One of the best talks on Linux deployment was one given by Cal Henderson at the March 2006 O'Reilly Emerging Technology Conference. It was an all-day tutorial about “launching and scaling new Web services”. I remember being highly impressed at how well Linux allowed a fast-growing pile of digital goods to expand, while still providing near-instantaneous service to everybody who wanted it. I also remember wondering what would happen after Cal left—which he did in 2009.
The answer is workarounds and startups. Here are a few examples, just from the comments that followed my Flickr post: unhosted.org, couchapp.org, www.tonido.com, backupify.com, gallery.menalto.com, pix.am, status.net, thinkupapp.com, piwigo.org, www.zoofoo.com and https://pixi.me, in that order. None yet compete with Flickr, but maybe that's not the idea.
Nature's idea is to take its course. It's as much Linux's nature to start something as it is to grow to the limits of viability. It may help to remember that limestone is made from the corpses of once-living things. Without abundant endings, we wouldn't have beginnings.
Doc Searls is Senior Editor of Linux Journal. He is also a fellow with the Berkman Center for Internet and Society at Harvard University and the Center for Information Technology and Society at UC Santa Barbara.
Doc Searls is Senior Editor of Linux Journal
Practical Task Scheduling Deployment
July 20, 2016 12:00 pm CDT
One of the best things about the UNIX environment (aside from being stable and efficient) is the vast array of software tools available to help you do your job. Traditionally, a UNIX tool does only one thing, but does that one thing very well. For example, grep is very easy to use and can search vast amounts of data quickly. The find tool can find a particular file or files based on all kinds of criteria. It's pretty easy to string these tools together to build even more powerful tools, such as a tool that finds all of the .log files in the /home directory and searches each one for a particular entry. This erector-set mentality allows UNIX system administrators to seem to always have the right tool for the job.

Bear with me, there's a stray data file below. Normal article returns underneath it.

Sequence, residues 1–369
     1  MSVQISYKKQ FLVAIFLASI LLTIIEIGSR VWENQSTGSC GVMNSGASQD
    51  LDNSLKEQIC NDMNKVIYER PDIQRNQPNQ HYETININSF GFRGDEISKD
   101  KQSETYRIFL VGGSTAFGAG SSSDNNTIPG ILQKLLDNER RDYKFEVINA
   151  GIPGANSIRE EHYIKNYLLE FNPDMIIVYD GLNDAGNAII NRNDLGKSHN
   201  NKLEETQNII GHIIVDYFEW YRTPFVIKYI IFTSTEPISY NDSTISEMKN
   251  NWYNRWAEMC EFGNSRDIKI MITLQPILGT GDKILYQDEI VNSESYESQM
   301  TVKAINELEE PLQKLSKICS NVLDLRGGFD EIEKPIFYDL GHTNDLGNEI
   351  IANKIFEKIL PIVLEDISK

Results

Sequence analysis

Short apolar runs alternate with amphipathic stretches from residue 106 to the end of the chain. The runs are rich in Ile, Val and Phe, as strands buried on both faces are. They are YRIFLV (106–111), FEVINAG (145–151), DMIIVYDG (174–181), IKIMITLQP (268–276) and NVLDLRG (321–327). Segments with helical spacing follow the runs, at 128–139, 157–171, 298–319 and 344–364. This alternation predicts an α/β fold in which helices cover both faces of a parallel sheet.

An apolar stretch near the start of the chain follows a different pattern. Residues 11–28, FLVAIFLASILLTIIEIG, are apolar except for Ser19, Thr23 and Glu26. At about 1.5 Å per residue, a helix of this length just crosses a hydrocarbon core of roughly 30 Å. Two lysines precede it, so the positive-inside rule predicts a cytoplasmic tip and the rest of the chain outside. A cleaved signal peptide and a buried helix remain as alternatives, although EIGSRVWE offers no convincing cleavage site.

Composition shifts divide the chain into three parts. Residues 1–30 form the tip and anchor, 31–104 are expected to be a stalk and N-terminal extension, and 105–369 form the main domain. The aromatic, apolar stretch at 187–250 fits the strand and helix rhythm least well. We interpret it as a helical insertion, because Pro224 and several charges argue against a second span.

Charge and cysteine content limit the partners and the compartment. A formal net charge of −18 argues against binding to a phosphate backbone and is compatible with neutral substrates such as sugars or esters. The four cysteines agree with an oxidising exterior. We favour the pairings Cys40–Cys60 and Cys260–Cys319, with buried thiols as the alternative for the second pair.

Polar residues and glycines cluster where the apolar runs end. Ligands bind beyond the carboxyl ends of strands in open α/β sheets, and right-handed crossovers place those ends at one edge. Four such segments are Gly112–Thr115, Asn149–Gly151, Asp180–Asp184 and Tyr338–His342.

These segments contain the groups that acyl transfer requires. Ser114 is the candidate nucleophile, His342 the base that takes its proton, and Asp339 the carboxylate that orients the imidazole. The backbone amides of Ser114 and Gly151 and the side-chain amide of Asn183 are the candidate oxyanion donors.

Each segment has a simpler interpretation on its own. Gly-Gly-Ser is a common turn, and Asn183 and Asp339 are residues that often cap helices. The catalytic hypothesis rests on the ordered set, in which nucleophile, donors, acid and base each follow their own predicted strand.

Cron traditionally has been considered another such a tool for job scheduling, but is it enough? This webinar considers that very question. The first part builds on a previous Geek Guide, Beyond Cron, and briefly describes how to know when it might be time to consider upgrading your job scheduling infrastructure. The second part presents an actual planning and implementation framework.
Join Linux Journal's Mike Diehl and Pat Cameron of Help Systems.
Free to Linux Journal readers.Register Now!
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With all the industry talk about the benefits of Linux on Power and all the performance advantages offered by its open architecture, you may be considering a move in that direction. If you are thinking about analytics, big data and cloud computing, you would be right to evaluate Power. The idea of using commodity x86 hardware and replacing it every three years is an outdated cost model. It doesn’t consider the total cost of ownership, and it doesn’t consider the advantage of real processing power, high-availability and multithreading like a demon.
This ebook takes a look at some of the practical applications of the Linux on Power platform and ways you might bring all the performance power of this open architecture to bear for your organization. There are no smoke and mirrors here—just hard, cold, empirical evidence provided by independent sources. I also consider some innovative ways Linux on Power will be used in the future.Get the Guide